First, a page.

Mitch McConnell, the schmuck from Kentuck
Is it an automatic call that Mitch McConnell must become the Minority Leader of the Senate? He is an old guy with old ideas. He is not representative of the US voter demographic. If Republicans want to lead, how about producing leadership for the future?
McConnell supports earmarks that Eric Cantor wants to eliminate. He comes right out of the canon aiming to make Obama a one-term President instead of addressing the needs of the American people by supporting collaboration and consensus needed in a democracy like ours.
Republicans wanting a place in the future should rethink who they elect as their leaders. Seniority is not automatic.
He is widely considered a kingmaker in Kentucky Republican politics. Although he is considered by many as an ardent conservative, he has distanced himself from the majority in his party by supporting earmarks and opposing the Flag Desecration Amendment.
Senator McConnell has supported several gun control measures put forth by Democrats including the 1991 Crime Bill S.1241 (see U.S. Senate Roll Call Vote here) sponsored by then senatorJoseph Biden that instituted a national waiting period for handgun purchases as well as a federal ban on semi-automatic firearms. In 1998, McConnell voted for Barbara Boxer's Trigger Lock Amendment 3230 (see U.S. Senate Roll Call Vote here), an unfunded mandate requiring the purchase of a trigger lock with the sale of each handgun. Firearms dealers who do not comply to force the private transaction are guilty of a federal crime and face revocation of their Federal Firearms License and civil fines up to $10,000 for each omission.
McConnell is also well known for his opposition to campaign finance regulation on First Amendment grounds. He argues that regulations reduce participation in political campaigns and protect incumbents from competition. He spearheaded the movement against the Bipartisan Campaign Reform Act (known since 1995 as the "McCain–Feingold bill" and from 1989–1994 as the "Boren–Mitchell bill"), calling it "neither fair, nor balanced, nor constitutional." His opposition to the bill culminated in the 2003 Supreme Court case McConnell v. Federal Election Commission and the 2009 Citizens United v. Federal Election Commission.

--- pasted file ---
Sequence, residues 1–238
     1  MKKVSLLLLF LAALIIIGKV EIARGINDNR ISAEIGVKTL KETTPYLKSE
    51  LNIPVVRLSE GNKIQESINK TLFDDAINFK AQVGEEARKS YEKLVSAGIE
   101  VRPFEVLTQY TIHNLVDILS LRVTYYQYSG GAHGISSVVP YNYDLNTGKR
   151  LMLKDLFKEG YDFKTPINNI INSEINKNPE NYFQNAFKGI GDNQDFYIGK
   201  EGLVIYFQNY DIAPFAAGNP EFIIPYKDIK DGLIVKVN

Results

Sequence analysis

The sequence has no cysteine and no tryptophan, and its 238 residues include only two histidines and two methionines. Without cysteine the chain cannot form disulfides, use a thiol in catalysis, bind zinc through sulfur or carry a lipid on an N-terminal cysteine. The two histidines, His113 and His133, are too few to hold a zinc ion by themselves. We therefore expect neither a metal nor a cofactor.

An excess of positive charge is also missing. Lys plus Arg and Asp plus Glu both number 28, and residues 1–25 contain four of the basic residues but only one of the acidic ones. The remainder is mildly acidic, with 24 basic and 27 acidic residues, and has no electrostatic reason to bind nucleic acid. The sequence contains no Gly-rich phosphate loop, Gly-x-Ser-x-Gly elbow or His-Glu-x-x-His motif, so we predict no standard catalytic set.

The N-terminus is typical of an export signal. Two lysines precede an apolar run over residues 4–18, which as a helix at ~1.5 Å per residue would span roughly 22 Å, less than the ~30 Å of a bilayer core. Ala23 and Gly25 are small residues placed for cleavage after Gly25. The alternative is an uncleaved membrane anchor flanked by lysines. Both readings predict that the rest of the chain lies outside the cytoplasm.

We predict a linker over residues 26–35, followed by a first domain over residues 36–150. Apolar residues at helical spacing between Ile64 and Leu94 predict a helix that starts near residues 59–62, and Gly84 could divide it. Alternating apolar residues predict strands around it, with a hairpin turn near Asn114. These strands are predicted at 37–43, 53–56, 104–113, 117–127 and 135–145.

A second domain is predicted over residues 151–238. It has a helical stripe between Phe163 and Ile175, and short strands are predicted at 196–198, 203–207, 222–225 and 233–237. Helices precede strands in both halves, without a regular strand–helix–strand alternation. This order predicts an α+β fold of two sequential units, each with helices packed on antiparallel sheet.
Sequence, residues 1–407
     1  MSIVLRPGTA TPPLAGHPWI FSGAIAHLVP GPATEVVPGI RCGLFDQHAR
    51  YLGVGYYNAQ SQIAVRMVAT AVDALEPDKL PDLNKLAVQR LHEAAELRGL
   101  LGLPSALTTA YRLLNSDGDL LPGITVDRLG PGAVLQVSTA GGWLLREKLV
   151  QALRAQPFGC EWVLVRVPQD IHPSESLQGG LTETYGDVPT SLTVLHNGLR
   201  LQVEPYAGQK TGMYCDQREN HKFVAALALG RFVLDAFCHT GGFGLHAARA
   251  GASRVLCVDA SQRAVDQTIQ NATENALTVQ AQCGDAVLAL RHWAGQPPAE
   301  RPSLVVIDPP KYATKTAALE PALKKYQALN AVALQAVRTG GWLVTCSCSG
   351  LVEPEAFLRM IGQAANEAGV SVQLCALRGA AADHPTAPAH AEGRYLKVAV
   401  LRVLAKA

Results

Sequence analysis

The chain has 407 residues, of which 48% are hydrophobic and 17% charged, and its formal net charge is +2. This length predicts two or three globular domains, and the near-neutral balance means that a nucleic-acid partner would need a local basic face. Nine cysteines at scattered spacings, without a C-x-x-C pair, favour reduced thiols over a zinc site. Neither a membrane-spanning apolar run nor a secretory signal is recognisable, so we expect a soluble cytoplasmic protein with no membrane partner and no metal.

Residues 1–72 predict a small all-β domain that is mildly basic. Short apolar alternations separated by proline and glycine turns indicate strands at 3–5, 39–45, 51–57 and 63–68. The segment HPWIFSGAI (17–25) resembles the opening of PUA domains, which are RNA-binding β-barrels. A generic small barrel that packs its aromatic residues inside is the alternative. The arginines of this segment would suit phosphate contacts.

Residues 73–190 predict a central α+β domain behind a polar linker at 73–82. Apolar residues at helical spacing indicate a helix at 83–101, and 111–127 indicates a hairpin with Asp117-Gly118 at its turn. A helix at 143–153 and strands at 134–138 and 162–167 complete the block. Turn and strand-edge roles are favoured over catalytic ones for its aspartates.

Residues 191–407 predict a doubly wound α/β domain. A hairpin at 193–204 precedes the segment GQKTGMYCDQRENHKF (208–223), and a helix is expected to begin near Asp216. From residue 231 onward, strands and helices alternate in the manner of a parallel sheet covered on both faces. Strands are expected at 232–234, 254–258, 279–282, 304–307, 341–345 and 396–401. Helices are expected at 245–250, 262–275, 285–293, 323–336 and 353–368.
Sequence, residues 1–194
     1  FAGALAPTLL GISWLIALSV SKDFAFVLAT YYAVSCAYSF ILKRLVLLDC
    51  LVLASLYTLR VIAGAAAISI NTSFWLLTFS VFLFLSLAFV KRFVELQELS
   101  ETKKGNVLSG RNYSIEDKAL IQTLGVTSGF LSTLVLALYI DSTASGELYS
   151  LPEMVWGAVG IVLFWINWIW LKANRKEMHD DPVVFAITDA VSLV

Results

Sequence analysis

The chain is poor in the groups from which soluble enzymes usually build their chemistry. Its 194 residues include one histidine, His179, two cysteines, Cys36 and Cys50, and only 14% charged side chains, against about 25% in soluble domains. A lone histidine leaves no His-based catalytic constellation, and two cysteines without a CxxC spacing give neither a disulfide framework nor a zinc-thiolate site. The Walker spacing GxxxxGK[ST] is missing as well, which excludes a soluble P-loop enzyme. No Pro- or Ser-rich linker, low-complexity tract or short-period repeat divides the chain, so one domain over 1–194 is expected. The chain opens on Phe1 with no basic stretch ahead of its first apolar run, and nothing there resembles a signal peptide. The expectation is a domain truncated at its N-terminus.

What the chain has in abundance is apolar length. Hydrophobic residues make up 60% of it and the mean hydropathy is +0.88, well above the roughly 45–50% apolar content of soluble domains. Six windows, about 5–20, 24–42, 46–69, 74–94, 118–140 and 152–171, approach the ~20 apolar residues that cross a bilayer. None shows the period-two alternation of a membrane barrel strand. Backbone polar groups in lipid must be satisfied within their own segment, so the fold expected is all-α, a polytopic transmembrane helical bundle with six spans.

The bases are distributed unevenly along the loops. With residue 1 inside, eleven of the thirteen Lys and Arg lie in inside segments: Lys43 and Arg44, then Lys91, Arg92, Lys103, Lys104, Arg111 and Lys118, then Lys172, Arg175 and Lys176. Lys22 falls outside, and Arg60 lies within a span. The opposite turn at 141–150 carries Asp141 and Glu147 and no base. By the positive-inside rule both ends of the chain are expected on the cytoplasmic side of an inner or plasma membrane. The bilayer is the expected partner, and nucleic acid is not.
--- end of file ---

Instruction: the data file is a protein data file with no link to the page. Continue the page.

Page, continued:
In August 2007 McConnell introduced the Protect America Act of 2007, which allowed the National Security Agency to monitor telephone and electronic communications of suspected terrorists inside and outside the United States without obtaining a warrant.
In 1996, Senator McConnell demanded that President Clinton allow White House aides to testify under oath. On April 1, 2007, Chris Wallace claimed that McConnell's stance on Karl Rove and Harriet Miers testifying under oath in relation to the Dismissal of U.S. attorneys controversy was contradictory. Wallace asked, "In 1996, you were saying those White House aides should testify in open hearing. These were White House aides of Bill Clinton, in open hearing under oath. Why shouldn't the same rules apply for the Bush White House and people like Karl Rove?" McConnell replied, "And what I’m telling you is the president's going to make that decision."
Senator McConnell was the writer of the Gas Price Reduction Act. The GPRA calls for more offshore and domestic oil exploration, to try to curb rising gas prices.
On April 21, 2009, McConnell delivered a speech to the Senate criticizing United States President Barack Obama's plans to close the Guantanamo Bay detention camp in Cuba. During the speech, he suggested that Obama's closure plans might result in the release of "murderers" into the U.S. He also claimed that the Department of Defense had identified 18 former Guantanamo prisoners who allegedly returned to battle, whom he called "recidivists", and he predicted that the closure of the camp would result in additional former captives returning to the battlefield.”